We Had to Be Brave
Sibert Honor author Deborah Hopkinson illuminates the true stories of Jewish children who fled Nazi Germany, risking everything to escape to safety on the Kindertransport.Ruth David was growing up in a small village in Germany when Adolf Hitler rose to power in the 1930s. Under the Nazi Party, Jewish families like Ruth's experienced rising anti-Semitic restrictions and attacks. Just going to school became dangerous. By November 1938, anti-Semitism erupted into Kristallnacht, the Night of Broken Glass, and unleashed a wave of violence and forced arrests.Days later, desperate volunteers sprang into action to organize the Kindertransport, a rescue effort to bring Jewish children to England. Young people like Ruth David had to say good-bye to their families, unsure if they'd ever be reunited. Miles from home, the Kindertransport refugees entered unrecognizable lives, where food, clothes -- and, for many of them, language and religion -- were startlingly new. Meanwhile, the onset of war and the Holocaust visited unimaginable horrors on loved ones left behind. Somehow, these rescued children had to learn to look forward, to hope.Through the moving and often heart-wrenching personal accounts of Kindertransport survivors, critically acclaimed and award-winning author Deborah Hopkinson paints the timely and devastating story of how the rise of Hitler and the Nazis tore apart the lives of so many families and what they were forced to give up in order to save these children.

We Had to Be Brave Details

TitleWe Had to Be Brave
Author
ReleaseFeb 4th, 2020
PublisherScholastic Focus
ISBN-139781338255720
Rating
GenreHistory, Nonfiction, World War II, Holocaust, Childrens, Middle Grade, War

We Had to Be Brave Review

  • Alex Baugh
    January 1, 1970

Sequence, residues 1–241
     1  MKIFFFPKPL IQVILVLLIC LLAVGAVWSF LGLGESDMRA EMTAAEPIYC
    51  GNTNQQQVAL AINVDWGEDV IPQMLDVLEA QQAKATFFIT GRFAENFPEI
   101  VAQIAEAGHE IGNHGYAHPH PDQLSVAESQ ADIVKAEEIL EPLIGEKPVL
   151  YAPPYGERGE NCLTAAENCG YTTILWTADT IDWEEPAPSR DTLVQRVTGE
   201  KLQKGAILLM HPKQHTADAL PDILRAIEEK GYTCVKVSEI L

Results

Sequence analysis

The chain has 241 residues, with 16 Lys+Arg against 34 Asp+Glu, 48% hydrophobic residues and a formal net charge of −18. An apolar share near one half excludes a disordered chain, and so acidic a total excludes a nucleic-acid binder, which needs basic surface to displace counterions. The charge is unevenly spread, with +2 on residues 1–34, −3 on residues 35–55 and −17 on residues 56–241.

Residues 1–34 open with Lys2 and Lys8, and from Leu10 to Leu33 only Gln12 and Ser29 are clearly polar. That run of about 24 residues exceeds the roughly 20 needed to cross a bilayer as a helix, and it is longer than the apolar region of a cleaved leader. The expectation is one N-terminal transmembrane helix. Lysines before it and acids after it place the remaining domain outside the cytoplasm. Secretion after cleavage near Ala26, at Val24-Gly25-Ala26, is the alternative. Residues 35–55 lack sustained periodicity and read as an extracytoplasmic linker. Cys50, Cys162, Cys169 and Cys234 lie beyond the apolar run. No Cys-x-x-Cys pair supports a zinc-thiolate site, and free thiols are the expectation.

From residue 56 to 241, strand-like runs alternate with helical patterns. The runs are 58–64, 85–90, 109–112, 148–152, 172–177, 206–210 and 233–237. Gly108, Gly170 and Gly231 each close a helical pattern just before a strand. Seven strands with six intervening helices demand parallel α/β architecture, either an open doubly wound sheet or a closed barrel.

With the same attention to detail and straightforward writing style readers have come to appreciate from her, Deborah Hopkinson looks at how the rescue operation of Jewish children from Nazi occupied Europe, known as the Kindertransport, was able to saved approximately 10,000 young people.In the first half of this fascinating history, Hopkinson details Hitler's rise to power and ties its impact into the lives of a number of Jewish families. Most people don't realize just how widespread With the same attention to detail and straightforward writing style readers have come to appreciate from her, Deborah Hopkinson looks at how the rescue operation of Jewish children from Nazi occupied Europe, known as the Kindertransport, was able to saved approximately 10,000 young people.In the first half of this fascinating history, Hopkinson details Hitler's rise to power and ties its impact into the lives of a number of Jewish families. Most people don't realize just how widespread anti-Semitic feelings were in 1930s Germany, but as Hitler became more popular, as his followers increased, many Jews who had believed themselves to be as German as their non-Jewish neighbors began to experience a definite change. For example, Jewish men were arrested and sent to concentration camps for no reason, prohibitions were enacted so that Jews in civil service lost their jobs, Jews couldn't go to the movies or visit a park, Jewish children were no longer allowed to attend German schools. But on November 9, 1938, when Nazis attacked and ransacked Jewish homes, business and synagogues, destroying everything in their path and arresting around 30,000 men, many Jews realized things were not going to get better.You may wonder why didn't Jews leave long before Kristallnacht? She points out that many Jews believed they could ride out the tempest of anti-Semitism sweeping Germany, that it would soon blow over. But when many realized they had waited too long, and emigration became almost impossible as borders in other countries began to close, a chance for some parents to save their children opened up. Shortly after Kristallnacht, a plan was put in place in Great Britain to get "unaccompanied children up to the age of seventeen" out of Nazi occupied countries without the usual red tape. (pg. 142) The children were chosen from applications that were filled out by parents, often without the child's knowledge. I cannot imagine the level of courage it must have taken for these parents to send their children into the unknown, but I can certainly understand why they were willing to take the chance to get them out of harm's way.To help the reader fully understand what the Kindertransport was, why parents would be willing to send their children away to live with strangers, most of whom were not even Jewish, Hopkinson uses the personal stories of a number of participants, a cohort group of different ages and backgrounds. Through interviews, written memoirs, and oral histories, as well as an abundance of relevant secondary material, the individual stories unfold, engrossing and increasing the readers understanding of just what these children lived through, before leaving Germany, what it was like traveling to England, and their adjustment to life in a different country, most without knowing even a little English.Once again, Hopkinson has taken a complicated historical event and made it completely accessible to her young readers. And as if the stories of these Kindertransport children aren't compelling enough, she has included an abundance of secondary resources of readers. There are copious photographs throughout the book, as well as sidebars inviting readers to "Stop, Listen, Remember." Back matter includes information about the people in the book, the; Survivors, the Rescuers, and the Historians; a Timeline; a Glossary; Look, Listen, Remember: Resources to Explore; a Bibliography; Newspapers, Articles, and Websites for more investigation; and of course, Source Notes.I've read a lot of books about the Kindertransport, fiction and nonfiction, but this is by far one of the best. As Hopkinson parallels the rise of Adolf Hitler and National Socialism with the lives of Jewish families who ultimately chose to send their children to England, knowing they might never see each other again, she neither romanticizes nor loses her authorial objective eye so that a more complete picture of this little known but no less important historical event emerges.The Kindertransport lasted only a short amount of time, from December 2, 1938 to May 14, 1940. The stories are harrowing, heartbreaking and although they took place 80 years ago, they couldn't be more timely for today's world, as people are yet again flirting with fascism.I can't recommend We Had To Be Brave highly enough.This book is recommended for readers age 9+This book was an ARC gratefully received from the author.